Display text can handle more generous letter spacing. Tracking between +20 to +100 improves readability at large sizes.
Reduce kerning in display text so letters appear closer together but don’t actually collide.
Applying color to display text makes it bolder and more eye-catching. Just ensure sufficient contrast with the background.
Body copy makes up the main text content. Follow these practices for highly readable body text:
Choose a Text Face
Opt for typefaces designed specifically for lengthy reading like Baskerville, Times, Georgia, etc.
Add subtle letter spacing of +5 to +15 for easier reading over long copy. Avoid large gaps.
Use slightly looser leading around 120-150% the point size. Allows space between lines.
Left aligned or flush left body copy is most readable for western languages. Avoid justified or centered text blocks.
Use Good Sizes
Ideal body text sizes range from 10pt to 12pt. Ensure consistency throughout all body paragraphs.
Carefully arranging typographic elements creates organized, harmonious designs:
Establish Visual Hierarchy
Make key text prominent through size, color and placement. Supporting text remains subdued.
Align and Group
Align text elements and group related components to keep the layout organized.
Pair both serifs and sans serifs together but use consistently across hierarchy levels.
Balance Text and Negative Space
Prevent clutter by allowing sufficient breathing room around text areas.
Use typography to lead the viewer’s eye through the design in a methodical, intentional flow.
Textured and Distressed Typography
Adding texture provides dimension and a handcrafted vibe to typography for these effects:
Rough – Ragged edges emulate paint strokes. Works for vintage looks.
Grunge – Grimy textures with scratches and stains. Suits edgy aesthetics.
Distressed – Faded, worn down letters. Conveys old, weathered texture.
Ornate – Intricate embellishments and patterns. Provides classic elegance.
Watercolor – Bleeding, pigmented letters. A softer, artsy vibe.
Use sparingly to maintain readability. Texture works best on display text and short copy.
Creatively Styling Text
With endless ways to manipulate text, designers shouldn’t limit themselves to plain type. Get creative with:
Overlapping Letters – Stack and overlap characters to form abstract shapes.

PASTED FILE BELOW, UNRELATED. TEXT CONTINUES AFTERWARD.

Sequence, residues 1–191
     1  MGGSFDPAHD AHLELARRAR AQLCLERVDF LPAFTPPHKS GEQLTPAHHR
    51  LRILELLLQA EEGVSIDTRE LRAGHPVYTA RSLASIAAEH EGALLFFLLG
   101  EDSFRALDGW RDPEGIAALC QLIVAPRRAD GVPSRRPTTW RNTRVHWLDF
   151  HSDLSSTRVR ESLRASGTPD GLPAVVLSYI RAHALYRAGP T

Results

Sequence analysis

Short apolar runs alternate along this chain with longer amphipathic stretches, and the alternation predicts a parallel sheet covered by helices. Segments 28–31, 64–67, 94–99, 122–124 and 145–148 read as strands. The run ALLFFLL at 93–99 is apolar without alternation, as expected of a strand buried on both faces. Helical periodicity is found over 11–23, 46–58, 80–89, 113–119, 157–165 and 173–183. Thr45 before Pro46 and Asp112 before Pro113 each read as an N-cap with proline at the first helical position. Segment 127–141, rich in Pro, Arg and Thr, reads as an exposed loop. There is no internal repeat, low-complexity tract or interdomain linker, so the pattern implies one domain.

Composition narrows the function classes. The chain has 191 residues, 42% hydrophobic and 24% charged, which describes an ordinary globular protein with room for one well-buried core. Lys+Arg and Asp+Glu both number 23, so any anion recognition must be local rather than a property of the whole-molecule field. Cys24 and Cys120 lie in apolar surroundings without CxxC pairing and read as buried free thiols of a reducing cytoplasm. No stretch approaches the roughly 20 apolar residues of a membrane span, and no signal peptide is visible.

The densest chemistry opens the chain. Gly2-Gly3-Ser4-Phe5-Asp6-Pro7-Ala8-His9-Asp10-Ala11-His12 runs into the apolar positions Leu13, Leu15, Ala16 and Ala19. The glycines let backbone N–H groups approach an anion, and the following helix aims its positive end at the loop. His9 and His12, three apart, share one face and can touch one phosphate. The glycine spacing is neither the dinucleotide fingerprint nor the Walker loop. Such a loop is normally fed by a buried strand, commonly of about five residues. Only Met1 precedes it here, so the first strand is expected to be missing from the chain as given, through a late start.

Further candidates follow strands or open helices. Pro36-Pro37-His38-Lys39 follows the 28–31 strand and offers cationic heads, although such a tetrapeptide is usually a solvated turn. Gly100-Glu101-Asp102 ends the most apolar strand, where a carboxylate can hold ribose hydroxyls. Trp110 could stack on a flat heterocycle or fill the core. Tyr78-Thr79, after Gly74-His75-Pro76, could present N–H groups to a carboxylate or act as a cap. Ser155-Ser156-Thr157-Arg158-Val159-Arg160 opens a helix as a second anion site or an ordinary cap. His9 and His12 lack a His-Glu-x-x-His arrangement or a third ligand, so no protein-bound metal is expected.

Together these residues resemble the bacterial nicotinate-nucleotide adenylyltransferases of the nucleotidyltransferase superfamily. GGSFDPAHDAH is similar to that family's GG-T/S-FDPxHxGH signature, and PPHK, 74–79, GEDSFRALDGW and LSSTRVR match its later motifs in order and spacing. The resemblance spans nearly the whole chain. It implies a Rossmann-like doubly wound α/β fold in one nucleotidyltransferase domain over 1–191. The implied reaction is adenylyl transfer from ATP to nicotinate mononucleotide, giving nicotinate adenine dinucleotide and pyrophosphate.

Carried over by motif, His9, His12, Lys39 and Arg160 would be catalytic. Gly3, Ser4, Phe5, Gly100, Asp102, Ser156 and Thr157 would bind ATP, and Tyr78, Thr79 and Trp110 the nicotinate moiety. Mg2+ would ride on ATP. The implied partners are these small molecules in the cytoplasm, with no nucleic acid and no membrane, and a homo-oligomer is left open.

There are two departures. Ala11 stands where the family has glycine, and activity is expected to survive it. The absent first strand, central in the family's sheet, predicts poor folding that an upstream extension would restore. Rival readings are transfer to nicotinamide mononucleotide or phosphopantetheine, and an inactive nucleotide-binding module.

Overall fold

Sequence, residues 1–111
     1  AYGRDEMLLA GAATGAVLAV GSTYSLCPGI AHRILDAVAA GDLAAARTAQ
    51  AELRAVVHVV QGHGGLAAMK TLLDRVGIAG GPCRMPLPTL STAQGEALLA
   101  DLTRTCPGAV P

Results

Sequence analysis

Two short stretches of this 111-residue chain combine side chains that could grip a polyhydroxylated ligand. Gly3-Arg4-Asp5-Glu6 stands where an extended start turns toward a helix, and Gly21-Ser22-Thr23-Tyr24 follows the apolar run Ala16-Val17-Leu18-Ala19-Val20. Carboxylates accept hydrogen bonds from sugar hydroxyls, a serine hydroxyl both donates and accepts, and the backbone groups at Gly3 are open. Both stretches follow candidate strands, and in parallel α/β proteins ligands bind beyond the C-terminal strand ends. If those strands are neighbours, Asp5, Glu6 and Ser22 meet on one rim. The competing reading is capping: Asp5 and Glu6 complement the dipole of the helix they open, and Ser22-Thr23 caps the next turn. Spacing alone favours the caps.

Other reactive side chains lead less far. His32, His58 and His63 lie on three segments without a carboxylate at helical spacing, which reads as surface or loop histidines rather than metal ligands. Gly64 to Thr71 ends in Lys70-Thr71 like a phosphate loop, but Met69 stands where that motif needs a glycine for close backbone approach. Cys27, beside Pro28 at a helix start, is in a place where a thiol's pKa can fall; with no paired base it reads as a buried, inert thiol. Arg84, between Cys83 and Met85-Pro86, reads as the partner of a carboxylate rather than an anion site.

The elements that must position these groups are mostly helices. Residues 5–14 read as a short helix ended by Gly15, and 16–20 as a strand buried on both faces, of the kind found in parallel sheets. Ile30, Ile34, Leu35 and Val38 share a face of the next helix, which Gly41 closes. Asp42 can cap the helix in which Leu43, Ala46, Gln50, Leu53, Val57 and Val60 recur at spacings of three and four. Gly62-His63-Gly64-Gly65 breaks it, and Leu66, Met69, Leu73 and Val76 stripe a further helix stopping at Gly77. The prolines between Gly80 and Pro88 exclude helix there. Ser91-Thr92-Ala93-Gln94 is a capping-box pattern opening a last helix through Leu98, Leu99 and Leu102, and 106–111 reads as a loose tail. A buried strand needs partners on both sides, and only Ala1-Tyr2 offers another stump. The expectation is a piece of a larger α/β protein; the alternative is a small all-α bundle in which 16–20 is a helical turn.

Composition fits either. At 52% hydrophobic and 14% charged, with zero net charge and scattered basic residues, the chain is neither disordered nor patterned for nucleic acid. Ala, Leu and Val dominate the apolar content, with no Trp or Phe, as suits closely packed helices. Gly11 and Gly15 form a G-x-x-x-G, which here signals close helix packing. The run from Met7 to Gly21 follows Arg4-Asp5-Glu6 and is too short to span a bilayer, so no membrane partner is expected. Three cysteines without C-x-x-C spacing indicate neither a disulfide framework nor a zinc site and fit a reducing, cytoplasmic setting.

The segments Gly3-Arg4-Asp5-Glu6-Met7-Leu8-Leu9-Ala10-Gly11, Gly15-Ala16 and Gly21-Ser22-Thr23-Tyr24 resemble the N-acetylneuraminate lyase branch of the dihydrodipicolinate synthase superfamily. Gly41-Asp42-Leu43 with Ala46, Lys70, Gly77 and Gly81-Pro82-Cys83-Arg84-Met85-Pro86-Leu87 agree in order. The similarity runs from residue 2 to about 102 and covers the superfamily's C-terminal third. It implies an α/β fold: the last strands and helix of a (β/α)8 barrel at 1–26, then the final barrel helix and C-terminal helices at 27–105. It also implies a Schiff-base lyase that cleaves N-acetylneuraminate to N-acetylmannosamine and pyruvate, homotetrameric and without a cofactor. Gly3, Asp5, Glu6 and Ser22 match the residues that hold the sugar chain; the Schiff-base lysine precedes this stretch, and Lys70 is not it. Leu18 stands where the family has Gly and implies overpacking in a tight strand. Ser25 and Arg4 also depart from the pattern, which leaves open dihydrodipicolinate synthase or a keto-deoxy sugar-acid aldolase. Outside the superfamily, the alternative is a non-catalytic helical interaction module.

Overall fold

Unconventional Rotation – Tilt and angle text for dynamic impact.
3D Effects – Make letters appear three-dimensional by adding depth and perspective.
Kinetic Effects – Mimic motion with blurred repetition and streaks.
Fragmentation – Break apart and scatter letters. Shows motion or transition.
Don’t go overboard. Use restraint to keep text legible and readable where needed.
Typographic Mistakes to Avoid
While typography involves creativity, designers should avoid the following pitfalls:
- Using too many fonts and styles randomly. Stick to one or two families.
- Making body text justified. Left aligned paragraphs have best readability.
- Setting body text in bold, italic or ALL CAPS. Use for occasional emphasis only.
- Using excessive letter spacing. Track and kern conservatively for readability.
- Not having enough contrast between fonts. Differentiate elements clearly.
- Overusing display or decorative fonts. Use sparingly and minimally.
- Setting any text smaller than 6pt. It becomes impossible to read.
- Stretching or condensing letterforms disproportionately. Maintain the original font proportions.
- Using low-quality fonts with jagged edges. Stick to high-quality typefaces.
Making typography readable for all viewers should be a top priority. Here are some accessibility tips:
- Use sufficiently large font sizes, at least 12pt for body text
- Maintain adequate contrast between text and background colors
- Avoid low quality decorative fonts that hinder legibility
- Allow text elements to be resized without breaking layouts
- Enable justification and hyphenation to improve paragraph readability
- Support screen readers and text-to-voice software when possible
With forethought, designers can create typography that effectively conveys messages to diverse audiences.
Typography is a complex art that greatly impacts design and communication. Mastering the intricate details of working with fonts enables designers to make typographic choices that not only look good, but also strategically enhance their visual storytelling. By harnessing the psychology behind fonts, using principles like hierarchy and contrast, and avoiding common mistakes, typography can elevate designs to new heights.